The point of all this is to say the Puritan and the Flower Child would hate each other, indeed they would. But they have an outstanding characteristic in common: hypocrisy. Puritan ideas of honesty, industry, restraint, regular habits, are to be commended. Problems arise when one imposes his own ideas on another about how the Christian life should be lived. The Puritan is austere, emotion frowned upon. There is no emotional release in the form of joy, gaiety, exuberance, even sadness. All must be repressed. When one is made to think that he ought to act and feel a certain way, and he shows that face to the public, but privately knows that his acts and feelings are different, then he is a hypocrite. The sensitive hypocrite becomes full of guilt with an overpowering sense of sin and virtually powerless to act. Life becomes negativism personified. Hypocrisy in the Hippie is selfishness disguised as selflessness. Free love, a guise for promiscuity with disastrous effects on the jilted. In contemplation of his navel he finds excuses for not working. For a spiritual experience he looks to drugs. The hypocritical Hippie is the personification of license raised to the Nth power.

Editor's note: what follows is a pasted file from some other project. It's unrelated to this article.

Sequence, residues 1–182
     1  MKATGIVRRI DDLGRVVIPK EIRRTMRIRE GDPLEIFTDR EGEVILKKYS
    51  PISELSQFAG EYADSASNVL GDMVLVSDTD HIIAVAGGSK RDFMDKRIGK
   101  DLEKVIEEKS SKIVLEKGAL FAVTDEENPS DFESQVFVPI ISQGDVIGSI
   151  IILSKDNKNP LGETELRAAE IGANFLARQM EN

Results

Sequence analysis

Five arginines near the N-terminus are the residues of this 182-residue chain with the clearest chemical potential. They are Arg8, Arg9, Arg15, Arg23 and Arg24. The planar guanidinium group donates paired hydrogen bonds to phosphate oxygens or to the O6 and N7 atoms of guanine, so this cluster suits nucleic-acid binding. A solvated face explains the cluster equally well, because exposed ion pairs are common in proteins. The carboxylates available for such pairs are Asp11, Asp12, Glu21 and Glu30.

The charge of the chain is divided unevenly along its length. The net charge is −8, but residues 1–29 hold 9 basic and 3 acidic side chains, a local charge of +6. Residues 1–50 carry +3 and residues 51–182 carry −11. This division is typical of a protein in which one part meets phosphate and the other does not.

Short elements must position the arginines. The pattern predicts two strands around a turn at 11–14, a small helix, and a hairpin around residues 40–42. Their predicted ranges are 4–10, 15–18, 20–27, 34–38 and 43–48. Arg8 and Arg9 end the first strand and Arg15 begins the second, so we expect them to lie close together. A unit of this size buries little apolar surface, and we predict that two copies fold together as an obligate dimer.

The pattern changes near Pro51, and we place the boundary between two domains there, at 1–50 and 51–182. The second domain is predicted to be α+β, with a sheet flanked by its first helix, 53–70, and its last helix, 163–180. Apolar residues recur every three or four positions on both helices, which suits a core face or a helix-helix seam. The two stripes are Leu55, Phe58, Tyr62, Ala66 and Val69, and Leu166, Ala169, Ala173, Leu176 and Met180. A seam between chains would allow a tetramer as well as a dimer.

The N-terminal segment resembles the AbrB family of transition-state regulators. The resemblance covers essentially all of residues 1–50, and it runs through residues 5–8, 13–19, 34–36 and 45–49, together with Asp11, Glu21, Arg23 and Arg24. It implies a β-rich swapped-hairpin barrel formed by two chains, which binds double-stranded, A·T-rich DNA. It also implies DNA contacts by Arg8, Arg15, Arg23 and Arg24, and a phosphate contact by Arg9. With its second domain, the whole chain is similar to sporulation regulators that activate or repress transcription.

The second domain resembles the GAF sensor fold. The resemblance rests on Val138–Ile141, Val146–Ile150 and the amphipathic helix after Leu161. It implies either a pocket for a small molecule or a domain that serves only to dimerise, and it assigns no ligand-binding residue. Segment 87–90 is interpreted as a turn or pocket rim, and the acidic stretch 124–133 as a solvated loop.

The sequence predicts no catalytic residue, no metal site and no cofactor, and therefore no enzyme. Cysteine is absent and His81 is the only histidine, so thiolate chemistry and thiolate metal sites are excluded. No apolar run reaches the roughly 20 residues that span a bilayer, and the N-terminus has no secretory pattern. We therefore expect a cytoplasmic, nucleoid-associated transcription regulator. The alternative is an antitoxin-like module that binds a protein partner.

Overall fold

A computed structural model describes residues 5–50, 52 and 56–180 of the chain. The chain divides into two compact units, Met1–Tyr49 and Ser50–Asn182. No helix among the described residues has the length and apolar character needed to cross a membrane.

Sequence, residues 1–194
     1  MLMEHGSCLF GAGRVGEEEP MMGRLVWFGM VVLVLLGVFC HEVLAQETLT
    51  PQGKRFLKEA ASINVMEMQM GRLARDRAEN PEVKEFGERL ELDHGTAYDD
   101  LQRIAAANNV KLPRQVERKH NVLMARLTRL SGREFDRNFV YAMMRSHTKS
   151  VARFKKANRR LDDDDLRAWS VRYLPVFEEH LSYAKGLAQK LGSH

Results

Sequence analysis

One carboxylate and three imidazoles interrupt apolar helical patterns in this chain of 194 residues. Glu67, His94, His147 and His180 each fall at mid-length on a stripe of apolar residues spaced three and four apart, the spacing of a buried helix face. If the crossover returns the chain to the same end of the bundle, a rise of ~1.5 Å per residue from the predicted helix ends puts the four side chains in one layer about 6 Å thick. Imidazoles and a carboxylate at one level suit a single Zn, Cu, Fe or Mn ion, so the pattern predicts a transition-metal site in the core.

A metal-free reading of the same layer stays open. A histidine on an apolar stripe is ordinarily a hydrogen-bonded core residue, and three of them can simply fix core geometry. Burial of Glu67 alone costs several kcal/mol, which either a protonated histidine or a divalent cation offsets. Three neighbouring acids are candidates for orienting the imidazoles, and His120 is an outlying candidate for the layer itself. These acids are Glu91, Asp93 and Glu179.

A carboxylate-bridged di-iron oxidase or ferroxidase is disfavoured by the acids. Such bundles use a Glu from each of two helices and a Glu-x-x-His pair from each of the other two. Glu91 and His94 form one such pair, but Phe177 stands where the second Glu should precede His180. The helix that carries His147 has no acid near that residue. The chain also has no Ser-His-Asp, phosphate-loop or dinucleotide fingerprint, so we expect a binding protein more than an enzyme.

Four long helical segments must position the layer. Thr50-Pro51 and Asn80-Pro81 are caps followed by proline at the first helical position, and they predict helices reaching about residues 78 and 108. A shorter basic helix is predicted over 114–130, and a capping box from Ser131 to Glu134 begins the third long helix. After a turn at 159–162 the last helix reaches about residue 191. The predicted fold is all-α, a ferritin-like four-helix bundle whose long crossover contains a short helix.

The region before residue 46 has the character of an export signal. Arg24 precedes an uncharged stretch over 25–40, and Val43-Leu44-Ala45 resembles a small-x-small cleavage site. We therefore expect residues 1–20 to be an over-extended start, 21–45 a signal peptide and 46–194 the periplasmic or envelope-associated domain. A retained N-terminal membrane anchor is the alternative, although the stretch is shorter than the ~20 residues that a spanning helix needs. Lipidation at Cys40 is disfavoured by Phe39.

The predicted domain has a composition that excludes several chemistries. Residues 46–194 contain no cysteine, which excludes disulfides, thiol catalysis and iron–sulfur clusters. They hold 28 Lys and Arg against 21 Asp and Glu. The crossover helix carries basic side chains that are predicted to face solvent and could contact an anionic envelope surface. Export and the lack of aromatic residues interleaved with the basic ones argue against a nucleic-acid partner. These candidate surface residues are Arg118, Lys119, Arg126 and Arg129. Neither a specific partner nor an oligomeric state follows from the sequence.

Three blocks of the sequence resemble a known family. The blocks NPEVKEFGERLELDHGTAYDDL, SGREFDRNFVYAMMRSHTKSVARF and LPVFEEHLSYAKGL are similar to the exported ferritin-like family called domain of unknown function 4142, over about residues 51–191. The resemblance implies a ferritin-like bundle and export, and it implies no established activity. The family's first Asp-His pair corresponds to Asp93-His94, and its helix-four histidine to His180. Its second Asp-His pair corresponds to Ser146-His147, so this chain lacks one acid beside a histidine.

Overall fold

What has this got to do with Christians like us? Simply this: we are largely the product of our heritage and environment. What great rule makers we are. We would prescribe dress, prayer, recreation, reading, cost of home, hair length, lipstick, etc. We would subvert the law of liberty, just as the Pilgrims did, and put ourselves in bondage again. Christians can rationalize to convince ourselves of what we can and canít do. We rationalize right reason for conduct. Puritans and Hippies and Christians often have a common characteristic: egocentricity.

We can function better in life, however, if we consider ourselves merely imperfect. After all, we are here on this earth through no fault of our own, but as imperfect creatures, making mistakes Be sorry, repent, but donít be morbid about it and develop a sour outlook on life. More importantly, judge not let you be judged. Remember, God does not hate mankind. It is His creation; He loves it; He wants to save it all. If you require more of yourself than you do of others, you will be on the right path. Thatís what Jesus did.